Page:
Join us, as together we open a time capsule from 66 years ago. The Atlantic City Press of April 5, 1956, to be exact.
It was a time when people got most of their news and information from everyday life.
The story begins with a very good friend of mine, Michael Heath. Mike is a retired career police officer from Atlantic City, who also has great talent as a builder, finish carpenter, and more.
Mike was working on a house in Cape May County, New Jersey. After doing the demolition, he found an Atlantic City newspaper from April 5, 1956.
He called me shortly after his find and I couldn’t wait to get together to collaborate on this story. We’ll hear directly from Mike at the end of this story.
First, I was struck by this banner, title at the top of the page, titled:
The more things change, the more they stay the same.
By early April 1956, they were experiencing delays of a potentially life-saving polio vaccine. We also experienced vaccine shortages during our two-year COVID-19 pandemic.
There were also dramatic differences between 1956 and 2022. In 1956, Americans trusted their government and eagerly wanted the new polio vaccine. Dr. Jonas Salk announced on a radio broadcast on March 26, 1953 that he had developed a cure for polio.
Dr. Salk was a national hero, celebrated wherever he went.
By comparison, our government today and the face of our pandemic, Dr. Anthony Faucci, is generally not trusted by many Americans, which is a very sad commentary.
On April 4, 1956, a decision was announced that Philadelphia’s own princess could remain an American citizen.
The article details all sorts of technical issues about how she could hold dual US citizenship and be a princess and a citizen of Monaco.
Then it was an ad for The Knife and Fork that caught my eye.
Yes, Boneless Shad must have been a hit in 1956, as they spent their hard-earned money and advertising space on their $1.20 “Boneless Shad” menu, with sides and coffee as well.
I just love the simplicity of this ad.
Just look at these iconic establishments that are loved and still talked about 66 years later.
THE HARLEM CLUB – ATLANTIC CITY.
THE CLUB 500 – ATLANTIC CITY.
TONY MART’S BAR AND CAFE – SOMERS POINT.
I love this trio of ads placed together in 1956.
Of all those amazing restaurants of yesterday, a few are still in operation today.
THE KNIFE AND FORK INN
THE DOCK OYSTER HOUSE
THE SMITHVILLE INN
The Knife and Fork Inn and Dock’s Oyster House are owned and operated by the Dougherty family.
The Smithville Inn is owned and operated by the Coppola family.
This next announcement is fabulous for Hertz Rent-A-Car.
Write down the phone number 4-7112. Yes, in 1956, locally, you had to dial only 5 numbers to make a phone call.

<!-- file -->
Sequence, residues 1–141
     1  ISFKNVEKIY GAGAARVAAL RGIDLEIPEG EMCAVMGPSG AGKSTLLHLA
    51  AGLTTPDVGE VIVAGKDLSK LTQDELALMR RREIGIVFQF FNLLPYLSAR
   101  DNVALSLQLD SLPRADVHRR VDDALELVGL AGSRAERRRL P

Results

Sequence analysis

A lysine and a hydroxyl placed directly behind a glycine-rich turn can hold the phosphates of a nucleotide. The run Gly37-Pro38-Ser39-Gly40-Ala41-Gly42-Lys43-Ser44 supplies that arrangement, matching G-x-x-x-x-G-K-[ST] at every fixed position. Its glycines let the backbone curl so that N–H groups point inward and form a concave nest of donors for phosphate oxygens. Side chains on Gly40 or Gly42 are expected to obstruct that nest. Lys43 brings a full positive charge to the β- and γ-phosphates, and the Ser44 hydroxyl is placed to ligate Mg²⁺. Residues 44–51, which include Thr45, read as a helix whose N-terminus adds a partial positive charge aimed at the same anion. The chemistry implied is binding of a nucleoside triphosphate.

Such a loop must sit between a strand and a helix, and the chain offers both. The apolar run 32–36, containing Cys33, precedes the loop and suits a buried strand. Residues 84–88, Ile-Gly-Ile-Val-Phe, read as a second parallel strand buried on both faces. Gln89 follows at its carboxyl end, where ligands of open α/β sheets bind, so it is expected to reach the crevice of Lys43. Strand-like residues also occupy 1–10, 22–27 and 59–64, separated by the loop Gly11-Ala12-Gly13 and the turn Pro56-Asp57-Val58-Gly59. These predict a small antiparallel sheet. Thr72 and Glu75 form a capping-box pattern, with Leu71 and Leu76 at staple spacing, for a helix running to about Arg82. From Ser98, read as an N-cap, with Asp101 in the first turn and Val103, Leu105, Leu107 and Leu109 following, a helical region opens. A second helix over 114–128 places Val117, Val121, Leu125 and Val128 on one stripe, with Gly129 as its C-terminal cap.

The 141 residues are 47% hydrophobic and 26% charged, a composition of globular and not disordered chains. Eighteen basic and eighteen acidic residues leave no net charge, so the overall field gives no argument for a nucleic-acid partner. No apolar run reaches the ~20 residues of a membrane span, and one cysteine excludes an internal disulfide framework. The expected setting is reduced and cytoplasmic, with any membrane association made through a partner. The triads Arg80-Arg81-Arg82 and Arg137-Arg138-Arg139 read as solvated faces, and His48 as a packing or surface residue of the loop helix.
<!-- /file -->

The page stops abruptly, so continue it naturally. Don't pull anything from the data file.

Fast forward 66 years and now locally we dial 10 numbers to make a local phone call.
Priceless evolution here.
Here’s a big headline in 1956. It said: “Man sentenced to $1,500 bond for carrying firearm.”
In comparison, today, look at how many jurisdictions across the country with prosecutors let people who do this, and worse, go free without bail.
Much has changed in our criminal prosecution system in America over the past 66 years.
Here is the article on the front page:
This is one of my absolute favorite ads from this April 5, 1956 edition of the daily.
The legendary Jack Guischard wrote an open letter to then-Mayor Joseph Altman. Altman at least six 4-year terms as mayor of Atlantic City.
Read this positive letter from Guischard. It’s fantastic.
Finally, check out this “wanted ad” from Atlantic City Press, where they’re looking for their own ad rep.
You can easily see that it was a much more brutal society in 1956.
Here is the real “wanted ad”.
We asked Mike Heath to share his thoughts on finding such a neat piece of history.
I appreciate the opportunity to share my thoughts on where I found the diary and what it felt like to leaf through it. While demolishing an 80-year-old house in North Wildwood, I came across this log that was stuck inside the wall. As you know, he was in a very fragile state. As I carefully removed it from the wall, I saw the date April 1956… I love this type of story. My parents were teenagers at that time. Flipping through the pages, I was taken back to a time before we were born, a time of innocence in a way, where today’s moral degradation would not have been accepted or tolerated.
Heath continued: “I laughed at the property listings with houses in Ventnor, Margate and Longport that we are selling [for] less than 20 thousand dollars.”
“In addition, the cost of purchasing a vehicle was hundreds of dollars. I thought of you from the start knowing what the history of our area means to you and many of your listeners,” Heath said.